Janice A. Cadwell, 'one-of-a-kind' mother, nurse, caretaker, and cook

Janice A. Cadwell was born in Brooklyn, NY in 1934 and raised in Queens. The daughter of Alfred & Louise Behrman, Jan attended P.S. 134 and graduated from Andrew Jackson High School in 1952, earning the class title “Most Flirtatious.” Jan became an RN after attending Flower Fifth Avenue School of Nursing and lived in Manhattan with a friend from Queens, Andrea Madell, when she met Bill Cadwell, another tenant in their building. As Bill later wrote in a 40th anniversary poem for Jan, she knocked on his door with “unshod feet” after locking herself out of the apartment she and Andrea shared. Bill fell hard for Jan that day, “like two thousand pounds of bricks,” he wrote. They married in 1959, and a year later, Andrea married Bill’s roommate, Mike Rosen. The two couples shared an enduring friendship that served as a foundation for a close network of friends that Jan nurtured for more than 5 decades.

In 1960, Jan gave birth to their oldest daughter, Andrea Louise. Bill took a job in Boston, so the young family moved from Manhattan to Belmont, MA and rented an apartment in a duplex. Not surprising to those who knew her, Jan developed a friendship with their landlords, Marylin & Wilson Snow. The Snows remained good friends with Jan and Bill after they moved to their first home in West Newton, which unlike Belmont, was not a dry town. It was the Snows who introduced Jan to Wells, Maine where she and Bill bought a home along Moody Beach in 1975. After that, Jan spent every summer at the “Happy Days” on Moody Beach and hosted countless lobster & clam dinners, birthday & graduation parties, bonfires, and most importantly, the infamous grape-throwing contest with made-up rules.

Jan was one-of-a-kind. She loved the ocean and enjoyed sailing, but she hated to exercise and break a sweat on purpose. Jan was a daily napper, a voracious reader of books that she borrowed from her local library, and an expert on potatoes. She had a memory for color and could match paint to upholstery without swatches. While living in Newton Corner, Jan and Bill were Boston Symphony season ticket holders and supported the Boston Pops, but Jan could never keep a straight face during a live opera performance if their friend Mike Rosen was with them. Jan’s first-meeting interviews were legendary and no one was exempt from them. During these “interviews” Jan would inevitably find some connection between the person she was meeting and someone she knew– or someone who was related to someone she knew- like the time Jan connected the sister of her son’s future mother-in-law with the mother of her second child’s elementary school best friend (Jan figured out that they were college roommates). Having grown up with modest means as the daughter of a firefighter and homemaker, Jan learned to be frugal, but she was not cheap. Among the best compliments you could earn from Jan was that you were an “excellent shopper.” And though Jan’s driving never hurt anyone, she should never have been issued a driver’s license; Jan was like Mr. Magoo behind the wheel and so terrified her son-in-law once that he never drove with her again.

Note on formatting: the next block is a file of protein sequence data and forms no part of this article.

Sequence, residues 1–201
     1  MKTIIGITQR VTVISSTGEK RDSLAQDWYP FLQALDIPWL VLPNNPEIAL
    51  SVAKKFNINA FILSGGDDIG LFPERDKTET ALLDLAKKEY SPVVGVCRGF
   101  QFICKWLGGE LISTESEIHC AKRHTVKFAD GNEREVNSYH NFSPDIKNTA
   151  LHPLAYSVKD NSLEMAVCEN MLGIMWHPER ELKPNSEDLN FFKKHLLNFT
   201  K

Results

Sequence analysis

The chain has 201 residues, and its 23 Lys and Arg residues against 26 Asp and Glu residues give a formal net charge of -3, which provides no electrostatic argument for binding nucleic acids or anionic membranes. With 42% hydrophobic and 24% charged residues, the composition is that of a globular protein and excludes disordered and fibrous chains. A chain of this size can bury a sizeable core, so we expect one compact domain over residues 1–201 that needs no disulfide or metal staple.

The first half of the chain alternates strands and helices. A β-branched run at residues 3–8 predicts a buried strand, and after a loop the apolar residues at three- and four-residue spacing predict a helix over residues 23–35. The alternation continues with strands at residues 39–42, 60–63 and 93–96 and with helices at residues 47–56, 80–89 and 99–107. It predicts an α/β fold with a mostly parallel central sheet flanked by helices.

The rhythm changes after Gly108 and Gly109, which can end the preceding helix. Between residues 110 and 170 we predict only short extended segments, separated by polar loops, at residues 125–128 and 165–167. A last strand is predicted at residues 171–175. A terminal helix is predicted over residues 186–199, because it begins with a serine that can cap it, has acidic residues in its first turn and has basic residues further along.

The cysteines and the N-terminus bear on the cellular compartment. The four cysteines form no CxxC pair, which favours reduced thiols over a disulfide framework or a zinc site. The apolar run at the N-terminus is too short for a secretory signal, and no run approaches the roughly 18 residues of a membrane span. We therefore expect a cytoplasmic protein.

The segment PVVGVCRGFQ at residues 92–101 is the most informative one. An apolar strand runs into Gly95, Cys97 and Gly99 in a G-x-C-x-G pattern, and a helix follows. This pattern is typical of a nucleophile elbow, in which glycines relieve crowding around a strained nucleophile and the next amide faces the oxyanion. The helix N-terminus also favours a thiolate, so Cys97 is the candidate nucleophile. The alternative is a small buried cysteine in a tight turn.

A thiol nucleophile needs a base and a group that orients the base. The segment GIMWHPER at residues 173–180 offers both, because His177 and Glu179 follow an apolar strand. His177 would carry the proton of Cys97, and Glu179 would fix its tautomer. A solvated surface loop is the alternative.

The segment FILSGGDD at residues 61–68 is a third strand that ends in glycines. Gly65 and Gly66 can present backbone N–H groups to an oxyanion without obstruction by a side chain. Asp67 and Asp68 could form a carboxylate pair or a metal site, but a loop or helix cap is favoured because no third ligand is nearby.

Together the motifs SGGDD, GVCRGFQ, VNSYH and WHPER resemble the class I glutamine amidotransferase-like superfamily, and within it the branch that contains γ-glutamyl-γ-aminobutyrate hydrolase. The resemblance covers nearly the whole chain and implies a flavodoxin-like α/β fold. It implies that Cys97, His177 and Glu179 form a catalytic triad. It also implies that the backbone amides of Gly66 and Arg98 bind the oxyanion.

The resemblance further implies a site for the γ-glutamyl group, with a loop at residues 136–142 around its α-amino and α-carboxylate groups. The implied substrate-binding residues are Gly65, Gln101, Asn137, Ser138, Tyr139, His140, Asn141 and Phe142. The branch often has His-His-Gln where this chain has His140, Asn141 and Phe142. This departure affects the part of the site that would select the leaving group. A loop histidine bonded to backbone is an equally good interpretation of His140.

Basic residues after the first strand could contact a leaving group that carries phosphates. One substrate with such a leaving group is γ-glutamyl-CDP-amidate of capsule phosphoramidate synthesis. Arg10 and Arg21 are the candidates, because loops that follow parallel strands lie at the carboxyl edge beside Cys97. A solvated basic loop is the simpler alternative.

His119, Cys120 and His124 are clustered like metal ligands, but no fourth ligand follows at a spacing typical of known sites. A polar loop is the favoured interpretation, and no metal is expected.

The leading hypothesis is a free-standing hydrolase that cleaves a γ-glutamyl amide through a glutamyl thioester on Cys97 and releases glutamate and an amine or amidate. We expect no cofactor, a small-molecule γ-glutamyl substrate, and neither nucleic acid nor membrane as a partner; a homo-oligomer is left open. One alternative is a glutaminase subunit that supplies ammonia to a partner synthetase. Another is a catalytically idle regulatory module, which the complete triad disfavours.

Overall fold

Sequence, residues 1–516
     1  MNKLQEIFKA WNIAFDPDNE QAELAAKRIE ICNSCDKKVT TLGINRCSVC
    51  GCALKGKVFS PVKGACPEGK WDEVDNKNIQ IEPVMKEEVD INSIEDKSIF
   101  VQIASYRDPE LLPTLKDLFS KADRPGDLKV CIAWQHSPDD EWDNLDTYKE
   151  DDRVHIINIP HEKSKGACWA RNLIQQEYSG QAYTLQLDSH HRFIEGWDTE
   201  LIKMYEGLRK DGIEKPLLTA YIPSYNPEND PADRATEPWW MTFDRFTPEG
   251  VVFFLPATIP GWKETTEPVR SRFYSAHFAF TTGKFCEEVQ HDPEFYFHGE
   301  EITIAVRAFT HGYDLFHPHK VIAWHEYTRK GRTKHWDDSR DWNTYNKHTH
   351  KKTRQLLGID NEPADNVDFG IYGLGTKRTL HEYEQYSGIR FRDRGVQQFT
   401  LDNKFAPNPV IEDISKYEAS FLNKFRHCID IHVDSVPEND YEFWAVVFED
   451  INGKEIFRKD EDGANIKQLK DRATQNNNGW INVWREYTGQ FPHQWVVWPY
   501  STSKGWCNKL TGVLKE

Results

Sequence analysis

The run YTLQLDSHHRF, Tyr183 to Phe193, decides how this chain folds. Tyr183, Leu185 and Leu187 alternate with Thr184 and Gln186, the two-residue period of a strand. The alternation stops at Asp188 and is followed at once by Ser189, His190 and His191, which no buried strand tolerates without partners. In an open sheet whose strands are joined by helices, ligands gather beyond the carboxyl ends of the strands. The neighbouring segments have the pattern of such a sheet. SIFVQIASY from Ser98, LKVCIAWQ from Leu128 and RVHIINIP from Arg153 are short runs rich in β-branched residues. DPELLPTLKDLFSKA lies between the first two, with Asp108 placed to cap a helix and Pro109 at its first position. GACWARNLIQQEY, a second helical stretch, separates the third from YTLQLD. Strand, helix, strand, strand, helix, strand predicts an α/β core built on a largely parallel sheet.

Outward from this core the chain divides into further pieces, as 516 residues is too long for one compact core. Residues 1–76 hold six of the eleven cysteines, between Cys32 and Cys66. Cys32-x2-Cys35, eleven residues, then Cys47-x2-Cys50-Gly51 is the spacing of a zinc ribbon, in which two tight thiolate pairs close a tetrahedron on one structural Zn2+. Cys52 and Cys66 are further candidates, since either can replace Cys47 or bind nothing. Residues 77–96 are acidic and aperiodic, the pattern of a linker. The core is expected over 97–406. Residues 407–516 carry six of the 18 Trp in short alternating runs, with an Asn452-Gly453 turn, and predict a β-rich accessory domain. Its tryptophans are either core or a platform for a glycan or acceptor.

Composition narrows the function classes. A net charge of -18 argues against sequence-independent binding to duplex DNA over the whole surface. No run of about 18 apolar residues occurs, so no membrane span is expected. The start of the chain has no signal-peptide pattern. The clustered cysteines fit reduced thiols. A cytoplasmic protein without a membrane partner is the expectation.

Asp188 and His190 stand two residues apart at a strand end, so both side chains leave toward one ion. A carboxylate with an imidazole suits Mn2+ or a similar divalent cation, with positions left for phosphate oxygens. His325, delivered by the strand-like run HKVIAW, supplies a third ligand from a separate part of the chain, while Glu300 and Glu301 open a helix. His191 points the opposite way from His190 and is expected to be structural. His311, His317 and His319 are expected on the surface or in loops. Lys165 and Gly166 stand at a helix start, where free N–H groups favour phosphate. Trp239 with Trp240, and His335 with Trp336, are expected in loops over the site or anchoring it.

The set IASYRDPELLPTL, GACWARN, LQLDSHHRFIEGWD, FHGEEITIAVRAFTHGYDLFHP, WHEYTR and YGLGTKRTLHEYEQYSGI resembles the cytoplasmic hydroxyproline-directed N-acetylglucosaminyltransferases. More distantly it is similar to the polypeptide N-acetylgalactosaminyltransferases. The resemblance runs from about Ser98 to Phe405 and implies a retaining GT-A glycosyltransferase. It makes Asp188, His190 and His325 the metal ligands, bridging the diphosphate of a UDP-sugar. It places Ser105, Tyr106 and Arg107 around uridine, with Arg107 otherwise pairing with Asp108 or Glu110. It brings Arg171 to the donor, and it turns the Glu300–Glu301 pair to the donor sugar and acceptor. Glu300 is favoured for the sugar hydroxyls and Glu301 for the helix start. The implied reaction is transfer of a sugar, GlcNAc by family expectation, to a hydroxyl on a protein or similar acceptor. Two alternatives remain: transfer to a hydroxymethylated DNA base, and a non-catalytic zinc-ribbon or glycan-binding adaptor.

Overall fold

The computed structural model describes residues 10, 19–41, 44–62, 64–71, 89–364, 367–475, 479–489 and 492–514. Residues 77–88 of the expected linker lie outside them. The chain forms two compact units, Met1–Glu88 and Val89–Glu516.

Jan retired from nursing but never stopped acting as a caretaker. Jan cared for a dear friend’s teen during a bout with mono one summer, and temporarily moved to New Jersey to support and advocate for her brother’s oldest child while she underwent treatment for leukemia. After her mother-in-law’s cancer diagnosis, Jan flew back and forth from Boston to Detroit to help care for her, and eventually built a room for her in the Happy Days so that Eva could enjoy one last summer by the ocean. It’s estimated that at least half a dozen people would call Jan their “second mom.”

Jan’s place was where everyone felt welcome and safe. And well fed. She was a great cook and always had her guests favorites on hand when they visited. Cocktail hour at Jan and Bill’s began promptly at 5pm, and Jan would serve dinner whenever cocktail hour ended, which during the summer months at Moody Beach was typically 9pm. In her later years, Jan betrayed her NY roots and became a committed Red Sox fan.

There was no one in this world that Jan loved more than Bill and their three children, four grandchildren, and two great-grandchildren, but Jan loved and deeply missed her friends that predeceased her: Edward McCutcheon, Jack & Isabel Lynch, Andrea & Mike Rosen, Al & Paulette Chase, and Bill Keith. It broke Jan’s heart when Andrea, her oldest child, lost her battle with cancer last November. Jan’s, only sibling, William Behrman also predeceased her. Jan is survived by her husband Bill; her daughter Leslie Alane Cadwell & husband Ron Rupp, son Cecil William Cadwell, Jr. & his wife Elizabeth; son-in-law Dave Carlsen; grandchildren Eva Hillman & Eva’s fiancé Keith Cosentino, Rebecca Hillman & her husband Adarash Yellappa, Winston Cadwell, & Lillian Cadwell; great-grandchildren, Aria & Eshan Yellappa-Hillman; and numerous nieces, nephews, and cousins. Family and friends will celebrate Jan’s life on March 28 in Waitsfield. In lieu of flowers, the family suggests a charitable donation in Jan’s honor to an organization that supports nursing education.